Videos from re:publica 12 – Talk from Jérémie Zimmermann on how to win the “War against sharing”

I’m usually not writing in English in my blog, but from time to time it might be handy.

On the last re:publica, Jérémie Zimmermann – the spokes person and Co-founder of La Quadrature du Net held a talk about “Toolbox and Strategies for Winning the “War on Sharing” in the EU”. Meanwhile the video is online and I did the work to do a transcript of it; mostly because I think Jérémie has some very important things to tell.

So, first of all: Here is the video

And here is the transcript. It might not be perfect as I did this for the first time. If there are any mistakes, feel free to put a comment below. Thanks. (you can of course download (Open Document Format) it, reshare it, whatever you want.)

Transcript: Toolbox and strategies for winning the “war on sharing” in the EU

[00:12] Hi everyone, thank you for being here.

I’m Jérémie Zimmermann. I’m the Co-founder and spokes person of La Quadrature du Net, we are a citizen organisation defending fundamental freedoms online – you may know about our work – we are building a kind of citizen toolbox to help everyone understand what is going on when our freedoms online are attacked and tools to help everybody participate in the debate.

We have been mostly busy in the last three years kicking ACTA’s ass. You may have heard of it, but the job is not done yet. And this is partly what i’m going to tell you tonight.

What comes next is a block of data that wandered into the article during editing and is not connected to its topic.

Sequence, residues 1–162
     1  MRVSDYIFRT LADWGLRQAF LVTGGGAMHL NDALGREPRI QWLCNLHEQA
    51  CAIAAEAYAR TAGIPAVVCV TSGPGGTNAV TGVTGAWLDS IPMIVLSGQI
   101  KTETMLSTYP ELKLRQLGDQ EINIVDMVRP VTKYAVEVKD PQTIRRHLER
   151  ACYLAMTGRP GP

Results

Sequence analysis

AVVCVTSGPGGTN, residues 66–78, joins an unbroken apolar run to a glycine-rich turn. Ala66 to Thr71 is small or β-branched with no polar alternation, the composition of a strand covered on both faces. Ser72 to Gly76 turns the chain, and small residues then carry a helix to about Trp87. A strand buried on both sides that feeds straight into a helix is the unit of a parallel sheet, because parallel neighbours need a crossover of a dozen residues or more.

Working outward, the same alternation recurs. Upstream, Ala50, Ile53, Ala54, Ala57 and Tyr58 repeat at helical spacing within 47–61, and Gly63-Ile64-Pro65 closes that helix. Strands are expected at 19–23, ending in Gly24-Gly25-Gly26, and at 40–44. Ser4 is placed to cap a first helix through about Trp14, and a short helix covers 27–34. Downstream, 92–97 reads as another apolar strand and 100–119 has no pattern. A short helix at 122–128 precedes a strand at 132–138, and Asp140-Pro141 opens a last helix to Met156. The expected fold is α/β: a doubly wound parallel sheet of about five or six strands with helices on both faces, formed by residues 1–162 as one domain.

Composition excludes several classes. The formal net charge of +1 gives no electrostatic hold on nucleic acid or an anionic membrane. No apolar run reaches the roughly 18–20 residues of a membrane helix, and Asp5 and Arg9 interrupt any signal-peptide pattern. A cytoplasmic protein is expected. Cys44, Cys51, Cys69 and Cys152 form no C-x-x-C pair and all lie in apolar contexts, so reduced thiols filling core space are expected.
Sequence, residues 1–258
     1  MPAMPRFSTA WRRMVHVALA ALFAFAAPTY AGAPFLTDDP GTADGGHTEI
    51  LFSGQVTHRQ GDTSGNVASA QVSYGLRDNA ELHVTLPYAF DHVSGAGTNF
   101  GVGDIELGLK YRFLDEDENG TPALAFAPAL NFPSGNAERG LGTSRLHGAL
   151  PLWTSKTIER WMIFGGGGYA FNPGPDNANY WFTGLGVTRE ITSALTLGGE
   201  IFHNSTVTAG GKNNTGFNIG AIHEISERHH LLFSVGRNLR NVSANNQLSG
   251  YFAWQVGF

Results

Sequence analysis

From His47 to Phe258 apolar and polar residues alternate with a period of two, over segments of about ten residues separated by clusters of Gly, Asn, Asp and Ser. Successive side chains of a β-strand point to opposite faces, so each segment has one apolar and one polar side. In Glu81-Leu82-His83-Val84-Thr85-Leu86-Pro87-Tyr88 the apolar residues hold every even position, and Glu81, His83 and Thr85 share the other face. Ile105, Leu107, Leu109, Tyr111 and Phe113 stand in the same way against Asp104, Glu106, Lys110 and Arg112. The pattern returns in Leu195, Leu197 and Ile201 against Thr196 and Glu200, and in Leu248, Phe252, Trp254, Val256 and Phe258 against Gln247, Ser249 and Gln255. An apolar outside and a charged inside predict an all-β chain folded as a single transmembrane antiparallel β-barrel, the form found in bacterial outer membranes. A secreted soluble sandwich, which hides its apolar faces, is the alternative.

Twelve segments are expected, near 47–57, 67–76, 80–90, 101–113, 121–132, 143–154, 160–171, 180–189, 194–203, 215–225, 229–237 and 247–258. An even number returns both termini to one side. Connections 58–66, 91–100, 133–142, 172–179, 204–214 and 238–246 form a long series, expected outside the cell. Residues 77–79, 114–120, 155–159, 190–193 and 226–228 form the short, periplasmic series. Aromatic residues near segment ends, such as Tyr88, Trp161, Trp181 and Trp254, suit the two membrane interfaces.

[00:54] I come here with a kind of a bad news, then a kind of a good news and a little bit of of a plan.

The bad news is that there is a war going on. You may be aware of that. This war is the “war against sharing”. Those copyright industries have been waging it of the last 15 years. They have been trying to push all the repressive measures you’ve heard about from the DMCA[1] in the U.S. to the EUCD[2] and the IPRED[3] in the EU and various national transpositions of all this.

It’s all clear to all of you: You have seen their strategies from suing the individual, to trying to automatise the suing, corrupting governments to install some administrative authorities that would bypass the traditional – like the french case – well this is so over, this is so pre-history.

[1:54] Their strategy right now is to push enforcement to the very heart of the network.

How many among you have read at least one version of ACTA? The final one. That’s much more than the average I may say. For those few who read it and actually for the others who didn’t.

[02:20] You may be more or less familiar with this principle that ACTA pushes for a “cooperation”, that it’s pushing for “cooperative efforts” between the ISPs – the service providers – the YouTubes, the DailyMotions, the Facebooks of these world but as well the access providers, the Vodafones, Orange, Deutsche Telekom and so on. The collaboration between the ISPs on one hand and the copyright industry on the other hand. The point of that collaboration is to impose “measures or remedies to deter further infringement”. So it sounds quite harmless when you look at it. But when you think about it with technical minds: “measures to deter further infringement” can only amount in technical terms to automated blocking of content, blocking of access to content, filtering of communication and discrimination between those communications or automated removal of content. All of which you would recognise … to the very equivalent to the censorship that is being done for political purposes in some not so friendly and not so democratic countries.